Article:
Configure DKIM with Office 365

Description

Many administrators are familiar with SPF (Sender Policy Framework) as a system to declare and verify who can send emails from a domain. In the fight against spam and phishing, SPF is not enough anymore.

DKIM (DomainKeys Identified Mail) is an email authentication system based on asymmetric cryptographic keys. A sending email server signs the message body and/or headers with a private key. A receiving email server verifies the key signature, checking for changes in the message fields. The additional identity verification includes a data integrity component using the signature keys to ensure the original message is arriving intact.

Applies to:

Office 365 (O365), Exchange Online, DKIM

Implicit DKIM Signing in Office 365

Administrators with domains on an Office 365 tenant already have an implicit DKIM signature applied to the tenant domain. The tenant domain is the ".onmicrosoft.com" domain, sometimes called the initial domain. Microsoft does this because it controls the DNS for onmicrosoft.com, publishing the public key and storing the private key on behalf of all subscribed tenants. The implicit signing is the basis of creating an explicit signature for your primary domain, the one without the onmicrosoft.com portion.

Implementing DKIM with Office 365

Preparation

  • This article assumes you have access to the Office 365 Admin Center for the tenant domain you are managing.
  • You must have access to the domain's public DNS zone.

Office 365 Admin Center Prep

  1. Login to the O365 Admin Center and go to Domains.
  2. Note the tenant or initial domain that ends in ".onmicrosoft.com" as shown in Figure 1.

    Fig. 1
    2018-12-21_17-20-32.png

  3. Click on the primary domain to open the required DNS settings information page as shown in Figure 2.

    Fig. 2
    2018-12-21_17-11-25.png

  4. Note the domain GUID, which is the beginning of the MX before the first dot. In this example, it is mpoffice365-com0e.
  5. The tenant domain and GUID will be used to add two CNAME records to public DNS for DKIM signing of the primary domain.

Add Two CNAME Records

Depending on the DNS zone management tool being used, the steps below provide the data needed for adding the CNAME records. If you need specific help on adding the CNAME records, please contact the service provider's support team. Popular DNS zone managers are GoDaddy, web hosting providers, and dedicated nameserver providers such as DNS Made Easy.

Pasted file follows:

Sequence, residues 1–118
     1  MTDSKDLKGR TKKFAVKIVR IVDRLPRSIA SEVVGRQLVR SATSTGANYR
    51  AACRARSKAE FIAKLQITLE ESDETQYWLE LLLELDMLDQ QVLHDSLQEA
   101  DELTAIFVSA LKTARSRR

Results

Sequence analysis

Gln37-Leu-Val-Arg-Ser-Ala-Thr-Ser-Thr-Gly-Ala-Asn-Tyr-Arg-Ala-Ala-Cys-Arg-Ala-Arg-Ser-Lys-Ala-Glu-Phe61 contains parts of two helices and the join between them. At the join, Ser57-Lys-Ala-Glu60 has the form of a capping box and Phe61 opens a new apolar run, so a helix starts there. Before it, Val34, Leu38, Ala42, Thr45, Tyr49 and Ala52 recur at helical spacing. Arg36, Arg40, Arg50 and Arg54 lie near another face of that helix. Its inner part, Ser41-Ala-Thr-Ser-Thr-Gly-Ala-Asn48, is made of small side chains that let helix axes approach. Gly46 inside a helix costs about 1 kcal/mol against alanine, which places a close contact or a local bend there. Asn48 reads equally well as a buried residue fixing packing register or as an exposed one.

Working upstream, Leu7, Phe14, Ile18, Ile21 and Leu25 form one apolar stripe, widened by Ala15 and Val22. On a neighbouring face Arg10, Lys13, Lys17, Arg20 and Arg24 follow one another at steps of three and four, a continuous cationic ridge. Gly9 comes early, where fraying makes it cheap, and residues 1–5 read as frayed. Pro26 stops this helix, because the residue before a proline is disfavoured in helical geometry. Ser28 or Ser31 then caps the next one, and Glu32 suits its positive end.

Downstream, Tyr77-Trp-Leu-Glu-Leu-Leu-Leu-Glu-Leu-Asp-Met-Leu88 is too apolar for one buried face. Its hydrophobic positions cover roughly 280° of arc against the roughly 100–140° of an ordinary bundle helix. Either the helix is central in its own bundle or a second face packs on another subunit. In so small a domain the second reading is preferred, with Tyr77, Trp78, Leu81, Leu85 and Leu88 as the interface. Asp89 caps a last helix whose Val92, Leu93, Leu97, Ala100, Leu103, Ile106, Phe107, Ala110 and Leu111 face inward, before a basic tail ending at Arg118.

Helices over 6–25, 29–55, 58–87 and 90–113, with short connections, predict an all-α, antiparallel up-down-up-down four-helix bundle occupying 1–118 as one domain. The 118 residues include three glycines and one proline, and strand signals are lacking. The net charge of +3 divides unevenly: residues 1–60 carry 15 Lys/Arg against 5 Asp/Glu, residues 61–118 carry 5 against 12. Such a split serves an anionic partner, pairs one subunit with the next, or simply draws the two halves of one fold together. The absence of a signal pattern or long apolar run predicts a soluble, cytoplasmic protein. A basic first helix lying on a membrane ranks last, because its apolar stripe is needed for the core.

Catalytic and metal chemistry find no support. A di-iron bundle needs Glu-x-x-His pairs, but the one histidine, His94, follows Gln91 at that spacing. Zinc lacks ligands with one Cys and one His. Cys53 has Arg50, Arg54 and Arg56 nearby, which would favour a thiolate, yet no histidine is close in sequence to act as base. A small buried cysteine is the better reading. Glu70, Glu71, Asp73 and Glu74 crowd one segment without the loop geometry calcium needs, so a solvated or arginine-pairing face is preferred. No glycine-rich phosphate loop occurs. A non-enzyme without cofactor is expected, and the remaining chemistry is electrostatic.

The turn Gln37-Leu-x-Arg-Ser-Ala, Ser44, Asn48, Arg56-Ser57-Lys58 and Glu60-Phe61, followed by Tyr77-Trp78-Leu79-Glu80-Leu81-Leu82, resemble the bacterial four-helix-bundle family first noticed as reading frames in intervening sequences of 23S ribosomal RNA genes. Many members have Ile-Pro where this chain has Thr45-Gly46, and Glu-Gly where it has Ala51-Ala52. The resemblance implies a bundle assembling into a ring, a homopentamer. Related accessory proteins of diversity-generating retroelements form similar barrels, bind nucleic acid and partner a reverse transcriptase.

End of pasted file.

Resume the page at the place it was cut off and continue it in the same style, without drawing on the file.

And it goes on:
1. Log into the DNS zone management tool for the domain you are working on. 
  2. Add two CNAME records with the following information:
    • 1st CNAME Record
      Host Name: selector1._domainkey.<yourdomain>
      Points to: selector1-<domainGUID>._domainkey.<tenantDomain>
    • 2nd CNAME Record
      Host Name: selector2._domainkey.<yourdomain>
      Points to: selector2-<domainGUID>._domainkey.<tenantDomain>

Using the example from above, the two CNAME records would be:

  • Host Name: selector1._domainkey.mp-office365.com
    Points to: selector1-mpoffice365-com0e._domainkey.mailprotector.onmicrosoft.com
  • Host Name: selector2._domainkey.mp-office365.com
    Points to: selector2._mpoffice365-com0e._domainkey.mailprotector.onmicrosoft.com

Enable DKIM Signing for the Domain in Office 365

  1. Go back to the O365 Admin Center and open the Exchange Admin Center as shown in Figure 3.

    Fig. 3
    2018-12-21_17-51-26.png

  2. From the Exchange Admin Center, click on Protection > DKIM as shown in Figure 4.

    Fig. 4
    2018-12-21_17-52-28.png

  3. Click on the primary domain and notice the right-side information bar shows the status is "Not signing DKIM signatures for this domain" as shown in Figure 5.

    Fig. 5
    2018-12-21_17-56-28.png

  4. Since the CNAME records have been added to your domain's DNS zone the signing of messages for the domain can be enabled. Click on the Enable link to turn on explicit DKIM signing on the primary domain.

Important Considerations

DKIM signing with Office 365 uses the message body as part of the key. If you are using Mailprotector's smarthost relay, there may be cases in which DKIM signing will fail because of configured Mailprotector actions.

COMPLIANCE FOOTERS: If you have compliance footers configured and enabled in the Mailprotector Console, the footer will change the body of the message after it has been DKIM signed, causing a DKIM failure.

The recommendation is to disable the compliance footer in the Mailprotector Console and apply the footer using Office 365's Exchange Online tools. For detailed instructions on creating the footer please read Organization-wide message disclaimers, signatures, footers, or headers in Office 365.

OUTBOUND CONTENT POLICIES: If you have outbound content policies configured who's action is to tag the subject line or add text to the footer, it will change the message after it has been DKIM signed, causing a DKIM failure.

The recommendation is to disable the outbound content policy and explore options through Exchange Online's transport rules and other mail flow tools.

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